Maria Pallante, the former US Register of Copyrights, who was removed from the US Copyright Office (USCO) last Friday and reassigned to an advisory role within the Library of Congress, has formally handed her resignation.
In an Oct. 24 letter, unveiled by The Hollywood Reporter, sent to the Librarian of Congress Dr. Carla Hayden, who oversees the USCO, Pallante wrote: “This will serve as my resignation effective October 29, 2016. I hope that you will respect that I do not accept the reassignment to work on Library matters that was announced on Friday.”
Pallante wrote that one her focus in her six-year tenure as Register of Copyrights has been the modernisation of the USCO. “In pursuing this goal and addressing many other complex and challenging issues during my tenure, I have been deeply inspired by countless authors and innovators,” she wrote. “I will forever cherish the extraordinary opportunity I have had to serve my profession and this Nation.”
In the letter, Pallante also confirms the news given by Billboard that she had been blocked from accessing her computer as she is asking Hayden “the reinstatement of access to my computer and email so that I may appropriately archive records and remove photos of my family.”
The announcement that Pallante was removed from her office by Hayden on Friday Oct. 21 came as a shock to people in Washington, DC used to interact with the Copyright Office. Pallante was highly regarded in creative industries' circles in Washington, DC where he views on copyright issues were respected, even if they did not align with those of the music industry, for example. “That's tragic, this is nonsense – she was brilliant,” was how the chief executive of a non-US rights society reacted to the news when contacted by Music Week.
Keith Kupferschmid, CEO of cross-industry advocacy group Copyright Alliance said in a statement that he was “surprised and concerned” by the news of Pallante's removal which comes “at a time when the Office and others are considering many potential changes to the copyright system and law.”
Kupferschmid added, “As the national search for a new Register of Copyrights commences, we are committed to assisting the new Librarian and the Chairman and Ranking Members of the House and Senate Judiciary Committees with this important process, and view it as an excellent opportunity to continue the dialogue on the future of the US Copyright Office. We support Karyn Temple Claggett’s appointment as the Acting Register and believe that her appointment will allow us all to be deliberate and take the time necessary to find the next Register.”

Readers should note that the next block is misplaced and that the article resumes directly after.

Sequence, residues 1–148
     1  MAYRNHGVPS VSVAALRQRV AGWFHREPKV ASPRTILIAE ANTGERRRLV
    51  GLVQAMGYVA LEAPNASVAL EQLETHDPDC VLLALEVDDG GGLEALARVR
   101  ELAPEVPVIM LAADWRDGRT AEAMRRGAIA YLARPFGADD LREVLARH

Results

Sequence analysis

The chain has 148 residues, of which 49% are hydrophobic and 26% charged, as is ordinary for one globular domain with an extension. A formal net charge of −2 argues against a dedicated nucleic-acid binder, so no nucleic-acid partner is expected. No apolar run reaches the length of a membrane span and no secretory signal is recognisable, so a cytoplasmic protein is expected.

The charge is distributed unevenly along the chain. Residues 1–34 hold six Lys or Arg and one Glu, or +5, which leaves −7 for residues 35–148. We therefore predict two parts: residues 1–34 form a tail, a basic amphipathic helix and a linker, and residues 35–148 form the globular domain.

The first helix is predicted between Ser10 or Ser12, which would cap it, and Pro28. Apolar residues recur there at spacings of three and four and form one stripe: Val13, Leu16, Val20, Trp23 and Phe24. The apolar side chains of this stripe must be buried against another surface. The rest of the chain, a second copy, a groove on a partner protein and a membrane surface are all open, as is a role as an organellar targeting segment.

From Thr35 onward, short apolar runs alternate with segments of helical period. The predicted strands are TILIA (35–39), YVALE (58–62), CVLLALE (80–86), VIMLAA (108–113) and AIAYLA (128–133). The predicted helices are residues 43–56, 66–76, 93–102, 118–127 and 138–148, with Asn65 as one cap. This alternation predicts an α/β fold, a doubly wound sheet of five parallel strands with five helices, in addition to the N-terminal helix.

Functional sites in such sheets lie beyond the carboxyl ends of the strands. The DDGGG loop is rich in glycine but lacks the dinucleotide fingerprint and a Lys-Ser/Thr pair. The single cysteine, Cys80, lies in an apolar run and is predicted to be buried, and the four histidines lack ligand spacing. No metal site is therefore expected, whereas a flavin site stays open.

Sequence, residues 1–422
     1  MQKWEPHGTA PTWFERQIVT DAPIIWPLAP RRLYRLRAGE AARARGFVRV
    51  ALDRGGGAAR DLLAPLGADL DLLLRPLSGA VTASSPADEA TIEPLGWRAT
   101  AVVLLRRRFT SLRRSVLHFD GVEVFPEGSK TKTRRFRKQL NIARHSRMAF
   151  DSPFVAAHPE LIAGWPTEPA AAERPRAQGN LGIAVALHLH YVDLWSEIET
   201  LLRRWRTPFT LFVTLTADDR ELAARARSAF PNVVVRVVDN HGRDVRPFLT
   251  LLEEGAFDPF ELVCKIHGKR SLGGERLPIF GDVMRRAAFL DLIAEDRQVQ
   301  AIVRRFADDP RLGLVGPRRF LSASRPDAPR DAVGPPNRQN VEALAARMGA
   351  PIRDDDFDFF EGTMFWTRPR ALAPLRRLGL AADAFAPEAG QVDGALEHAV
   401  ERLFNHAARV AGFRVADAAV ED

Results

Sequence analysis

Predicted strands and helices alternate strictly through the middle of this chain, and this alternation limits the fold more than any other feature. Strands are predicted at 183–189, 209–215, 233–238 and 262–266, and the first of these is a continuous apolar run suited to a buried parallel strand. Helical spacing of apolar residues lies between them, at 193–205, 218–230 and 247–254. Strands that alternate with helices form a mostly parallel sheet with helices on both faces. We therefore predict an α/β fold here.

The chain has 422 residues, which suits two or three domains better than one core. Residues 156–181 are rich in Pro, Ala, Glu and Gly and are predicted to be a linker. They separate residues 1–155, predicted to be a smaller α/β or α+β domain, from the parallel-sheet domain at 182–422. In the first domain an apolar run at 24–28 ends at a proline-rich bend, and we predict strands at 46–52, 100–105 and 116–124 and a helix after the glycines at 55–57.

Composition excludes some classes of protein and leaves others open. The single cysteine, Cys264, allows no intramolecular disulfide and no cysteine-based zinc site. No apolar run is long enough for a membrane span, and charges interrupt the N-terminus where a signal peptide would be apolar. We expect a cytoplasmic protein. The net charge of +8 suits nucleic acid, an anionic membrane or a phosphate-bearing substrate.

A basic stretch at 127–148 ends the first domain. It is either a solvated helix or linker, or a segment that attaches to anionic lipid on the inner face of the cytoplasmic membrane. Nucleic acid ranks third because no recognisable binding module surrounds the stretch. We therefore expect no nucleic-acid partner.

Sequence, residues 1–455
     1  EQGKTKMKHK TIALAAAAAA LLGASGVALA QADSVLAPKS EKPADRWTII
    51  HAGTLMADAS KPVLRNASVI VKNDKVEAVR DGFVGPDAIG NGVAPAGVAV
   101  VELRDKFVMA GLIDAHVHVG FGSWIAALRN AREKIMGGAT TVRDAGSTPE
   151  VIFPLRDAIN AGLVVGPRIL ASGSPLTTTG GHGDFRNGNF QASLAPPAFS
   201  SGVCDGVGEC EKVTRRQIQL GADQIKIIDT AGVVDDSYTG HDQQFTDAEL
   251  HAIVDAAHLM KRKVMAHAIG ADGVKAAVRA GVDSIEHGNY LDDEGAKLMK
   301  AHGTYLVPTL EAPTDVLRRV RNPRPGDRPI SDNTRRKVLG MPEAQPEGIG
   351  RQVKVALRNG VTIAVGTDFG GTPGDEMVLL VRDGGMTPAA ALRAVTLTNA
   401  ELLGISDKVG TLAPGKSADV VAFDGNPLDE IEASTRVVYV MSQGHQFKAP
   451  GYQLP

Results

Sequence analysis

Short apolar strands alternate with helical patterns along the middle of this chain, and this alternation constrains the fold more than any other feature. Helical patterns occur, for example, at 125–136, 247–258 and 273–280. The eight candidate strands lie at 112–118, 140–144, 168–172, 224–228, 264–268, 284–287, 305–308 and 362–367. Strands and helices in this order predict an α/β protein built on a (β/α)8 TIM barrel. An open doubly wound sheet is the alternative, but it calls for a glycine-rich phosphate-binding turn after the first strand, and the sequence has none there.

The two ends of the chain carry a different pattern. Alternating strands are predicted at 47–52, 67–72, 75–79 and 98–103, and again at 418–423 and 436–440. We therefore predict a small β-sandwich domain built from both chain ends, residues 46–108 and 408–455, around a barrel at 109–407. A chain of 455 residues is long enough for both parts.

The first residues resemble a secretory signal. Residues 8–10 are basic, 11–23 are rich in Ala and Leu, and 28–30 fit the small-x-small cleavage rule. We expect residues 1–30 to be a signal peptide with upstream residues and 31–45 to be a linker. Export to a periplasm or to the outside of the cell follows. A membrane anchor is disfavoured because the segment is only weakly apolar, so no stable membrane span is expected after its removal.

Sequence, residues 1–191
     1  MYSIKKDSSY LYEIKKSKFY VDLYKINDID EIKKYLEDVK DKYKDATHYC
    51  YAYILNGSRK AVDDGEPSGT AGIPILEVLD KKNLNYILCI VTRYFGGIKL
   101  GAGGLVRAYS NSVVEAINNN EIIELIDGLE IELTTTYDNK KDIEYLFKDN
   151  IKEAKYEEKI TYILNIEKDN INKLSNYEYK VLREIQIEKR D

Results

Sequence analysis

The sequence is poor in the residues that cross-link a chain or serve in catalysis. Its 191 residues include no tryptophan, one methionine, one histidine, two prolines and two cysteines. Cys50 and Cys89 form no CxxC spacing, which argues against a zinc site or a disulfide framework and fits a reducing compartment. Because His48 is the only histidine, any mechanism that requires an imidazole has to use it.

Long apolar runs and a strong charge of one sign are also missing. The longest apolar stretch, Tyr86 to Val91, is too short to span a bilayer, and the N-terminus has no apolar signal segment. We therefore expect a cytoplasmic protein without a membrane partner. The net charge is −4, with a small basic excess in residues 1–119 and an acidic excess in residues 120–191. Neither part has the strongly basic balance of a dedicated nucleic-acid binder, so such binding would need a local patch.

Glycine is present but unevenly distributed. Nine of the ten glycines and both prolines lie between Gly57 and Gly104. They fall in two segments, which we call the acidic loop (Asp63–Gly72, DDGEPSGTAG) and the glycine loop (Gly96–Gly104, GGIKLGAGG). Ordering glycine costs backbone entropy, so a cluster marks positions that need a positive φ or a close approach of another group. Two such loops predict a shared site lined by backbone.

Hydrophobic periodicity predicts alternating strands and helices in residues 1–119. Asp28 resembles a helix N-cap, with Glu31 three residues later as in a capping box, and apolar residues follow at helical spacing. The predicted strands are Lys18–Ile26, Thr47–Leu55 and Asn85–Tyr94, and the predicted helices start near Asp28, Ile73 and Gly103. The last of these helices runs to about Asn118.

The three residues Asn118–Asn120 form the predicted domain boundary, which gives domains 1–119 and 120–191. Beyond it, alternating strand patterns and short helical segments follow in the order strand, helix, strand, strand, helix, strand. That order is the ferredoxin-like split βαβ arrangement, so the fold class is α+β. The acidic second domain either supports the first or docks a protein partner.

Meanwhile, House Judiciary Committee Chairman Bob Goodlatte (R-Va.) and Ranking Member John Conyers, Jr. (D-Mich.) issued a joint statement in which they said that they are “saddened to learn that Maria Pallante, who served with distinction as only the 12th Register of Copyrights and the Director of the Copyright Office for the last five years, will be leaving the Copyright Office.” They describe her departure as “a tremendous loss for the Copyright Office and for America’s creators, innovators, and users of copyrighted works.”
Goodlatte and Conyers closed their statement with what looks like a description of their ideal profile for the future Register of Copyrights: “As Maria transitions from the Copyright Office, it is the perfect opportunity to examine the selection process for the new Register. America’s creativity is the envy of the world and the Copyright Office is at the centre of it. We must ensure that any new Register is fully qualified to lead this important office as it continues to directly advise Congress on copyright policy and law. The new Register of Copyrights should be dedicated to protecting creative rights and modernising the Copyright Office.”
Pallante's removal by the Librarian of Congress is seen as a potential risk for copyright-driven industries as Hayden could be tempted to appoint someone who leans more on the copyleft side of the equation. The profile drafted by Goodlatte and Conyers looks like a preemptive strike. They reminded the Librarian of Congress that since the Register of Copyrights has the role of advising Congress, Congress also has a say in the way the Register will be selected.